A very disappointing remake of a wonderful work by Susanne Bier. The narrative structure is so rushed there's no time to catch your breath..and suddenly the subject matter has already been reflected upon and the end credits abruptly appear. There is such a build-up in its first act for a film who worked out its final act with just a few insignificant frames. P.S. In a film with these two, why is Maguire the marine?
Totally disagree with people who think the acting is good in Brothers. It's like watching Donnie and Spidey argue and it really doesn't work.Very melodramatic. I can only guess from other works by Susanne Bier that her version of Brothers is more subtle and probably better therefore.
honestly, no one gave time for sam to adjust at all. the little girl was so bratty it actually made her physically ugly. and then what was just as ugly was natalie portman's alligator tears and jake gyllenhaal's acting (which was only slightly better than natalie portman's since she was the worst). what a cheap movie over a serious issue: PTSD. literally, one of the worst movies i've ever seen.
A bunch of people will probably say that this is just another melodramatic remake of a (Danish) movie that was originally deeper. However, I still think it turns out better on American ground: it goes simple, yet touching (things that only a U2 soundtrack could put at risk).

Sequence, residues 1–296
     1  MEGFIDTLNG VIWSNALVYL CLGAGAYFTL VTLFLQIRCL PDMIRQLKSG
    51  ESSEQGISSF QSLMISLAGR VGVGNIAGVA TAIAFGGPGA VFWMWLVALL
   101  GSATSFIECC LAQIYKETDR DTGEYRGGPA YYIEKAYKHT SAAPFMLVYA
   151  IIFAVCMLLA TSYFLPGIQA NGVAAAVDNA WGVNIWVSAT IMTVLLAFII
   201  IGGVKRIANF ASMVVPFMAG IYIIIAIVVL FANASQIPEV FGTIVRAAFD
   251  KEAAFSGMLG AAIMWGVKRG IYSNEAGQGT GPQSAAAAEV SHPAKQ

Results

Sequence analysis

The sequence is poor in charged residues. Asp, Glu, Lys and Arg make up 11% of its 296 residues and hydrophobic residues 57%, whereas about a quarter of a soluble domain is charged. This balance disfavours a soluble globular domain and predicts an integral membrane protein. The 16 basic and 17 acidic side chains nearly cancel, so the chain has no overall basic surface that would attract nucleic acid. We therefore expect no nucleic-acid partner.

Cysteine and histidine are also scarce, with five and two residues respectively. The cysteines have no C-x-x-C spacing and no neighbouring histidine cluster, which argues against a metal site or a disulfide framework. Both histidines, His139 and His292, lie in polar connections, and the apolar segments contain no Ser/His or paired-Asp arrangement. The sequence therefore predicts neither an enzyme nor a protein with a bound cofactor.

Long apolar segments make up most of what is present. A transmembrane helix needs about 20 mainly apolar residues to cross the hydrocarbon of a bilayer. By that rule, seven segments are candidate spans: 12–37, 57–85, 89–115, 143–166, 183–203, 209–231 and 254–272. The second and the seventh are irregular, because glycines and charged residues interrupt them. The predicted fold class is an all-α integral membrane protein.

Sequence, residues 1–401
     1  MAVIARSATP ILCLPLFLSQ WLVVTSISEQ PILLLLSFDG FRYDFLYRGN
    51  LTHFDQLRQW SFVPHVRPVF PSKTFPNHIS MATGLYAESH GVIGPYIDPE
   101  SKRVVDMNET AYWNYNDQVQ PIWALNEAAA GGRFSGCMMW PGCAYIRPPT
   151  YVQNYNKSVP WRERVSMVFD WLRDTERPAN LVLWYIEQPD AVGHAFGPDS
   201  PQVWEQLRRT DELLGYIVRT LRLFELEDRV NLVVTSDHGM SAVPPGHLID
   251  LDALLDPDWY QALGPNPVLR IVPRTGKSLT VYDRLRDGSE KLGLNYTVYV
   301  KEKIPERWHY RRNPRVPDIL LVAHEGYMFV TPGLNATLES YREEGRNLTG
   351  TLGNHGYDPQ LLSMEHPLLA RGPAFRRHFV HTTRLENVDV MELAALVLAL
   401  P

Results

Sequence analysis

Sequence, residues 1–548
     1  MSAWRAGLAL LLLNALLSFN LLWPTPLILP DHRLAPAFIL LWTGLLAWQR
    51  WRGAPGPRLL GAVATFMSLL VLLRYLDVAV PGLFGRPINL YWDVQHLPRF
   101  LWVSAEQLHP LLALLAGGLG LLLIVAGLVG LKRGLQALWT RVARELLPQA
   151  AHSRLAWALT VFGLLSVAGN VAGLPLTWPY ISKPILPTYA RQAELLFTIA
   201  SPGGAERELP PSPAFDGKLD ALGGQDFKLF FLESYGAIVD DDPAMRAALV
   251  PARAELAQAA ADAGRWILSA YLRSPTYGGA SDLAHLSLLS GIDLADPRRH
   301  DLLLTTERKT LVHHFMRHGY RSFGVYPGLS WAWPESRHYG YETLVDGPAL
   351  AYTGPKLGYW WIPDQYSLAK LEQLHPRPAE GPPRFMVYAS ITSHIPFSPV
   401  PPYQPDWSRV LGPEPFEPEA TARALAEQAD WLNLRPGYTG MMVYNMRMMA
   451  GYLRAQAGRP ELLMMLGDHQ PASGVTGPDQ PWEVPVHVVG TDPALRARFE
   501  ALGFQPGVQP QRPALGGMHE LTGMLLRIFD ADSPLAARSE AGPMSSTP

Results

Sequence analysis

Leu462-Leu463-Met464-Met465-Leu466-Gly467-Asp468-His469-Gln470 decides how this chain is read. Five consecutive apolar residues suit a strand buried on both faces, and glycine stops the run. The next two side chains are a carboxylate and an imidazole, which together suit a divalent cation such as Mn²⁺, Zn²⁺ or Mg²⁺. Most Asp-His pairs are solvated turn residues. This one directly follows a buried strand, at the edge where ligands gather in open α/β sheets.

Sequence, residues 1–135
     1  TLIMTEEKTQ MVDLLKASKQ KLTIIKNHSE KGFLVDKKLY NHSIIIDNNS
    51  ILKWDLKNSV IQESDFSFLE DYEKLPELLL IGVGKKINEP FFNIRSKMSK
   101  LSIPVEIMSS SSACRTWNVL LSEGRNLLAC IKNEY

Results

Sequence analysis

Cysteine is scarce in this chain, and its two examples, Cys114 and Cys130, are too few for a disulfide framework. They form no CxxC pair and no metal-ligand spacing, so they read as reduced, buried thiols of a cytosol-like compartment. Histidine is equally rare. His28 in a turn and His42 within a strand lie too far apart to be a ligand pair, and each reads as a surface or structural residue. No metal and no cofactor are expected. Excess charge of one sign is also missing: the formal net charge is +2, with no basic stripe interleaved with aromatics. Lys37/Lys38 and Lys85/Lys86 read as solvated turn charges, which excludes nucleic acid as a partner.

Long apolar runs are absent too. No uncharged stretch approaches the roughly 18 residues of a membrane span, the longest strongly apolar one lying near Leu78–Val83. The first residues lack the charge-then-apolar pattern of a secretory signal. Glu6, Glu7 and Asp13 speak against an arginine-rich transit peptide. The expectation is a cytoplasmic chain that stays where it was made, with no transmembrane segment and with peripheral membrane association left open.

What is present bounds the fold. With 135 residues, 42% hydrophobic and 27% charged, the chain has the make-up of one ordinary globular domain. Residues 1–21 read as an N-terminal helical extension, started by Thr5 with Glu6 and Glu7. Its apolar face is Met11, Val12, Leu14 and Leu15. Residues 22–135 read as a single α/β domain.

All the best scenes are in the trailer. Don't waste your time or money on this cliche of a film. Good acting can't save a paint by numbers script. It also has an abrupt ending that doesn't connect any of the dots. The youngest daughter was wiser than the dopey adults. A preachy melodramatic waste of celluloid. Watch only for the acting.
I have not seen the original, but I have seen a couple of the older brilliant works of Jim Sheridan (In the name of the father, In America) and hence I had high expectations. And although this film is by no means a disappointment, it does not live up to the same standards. Performances are good all around, but the spark is missing.